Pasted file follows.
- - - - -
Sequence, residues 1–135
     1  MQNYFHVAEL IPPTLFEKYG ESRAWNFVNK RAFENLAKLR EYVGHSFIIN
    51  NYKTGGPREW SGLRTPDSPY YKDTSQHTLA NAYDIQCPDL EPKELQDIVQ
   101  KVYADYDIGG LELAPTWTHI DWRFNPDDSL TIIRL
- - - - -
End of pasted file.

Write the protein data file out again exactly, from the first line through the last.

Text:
Sequence, residues 1–135
     1  MQNYFHVAEL IPPTLFEKYG ESRAWNFVNK RAFENLAKLR EYVGHSFIIN
    51  NYKTGGPREW SGLRTPDSPY YKDTSQHTLA NAYDIQCPDL EPKELQDIVQ
   101  KVYADYDIGG LELAPTWTHI DWRFNPDDSL TIIRL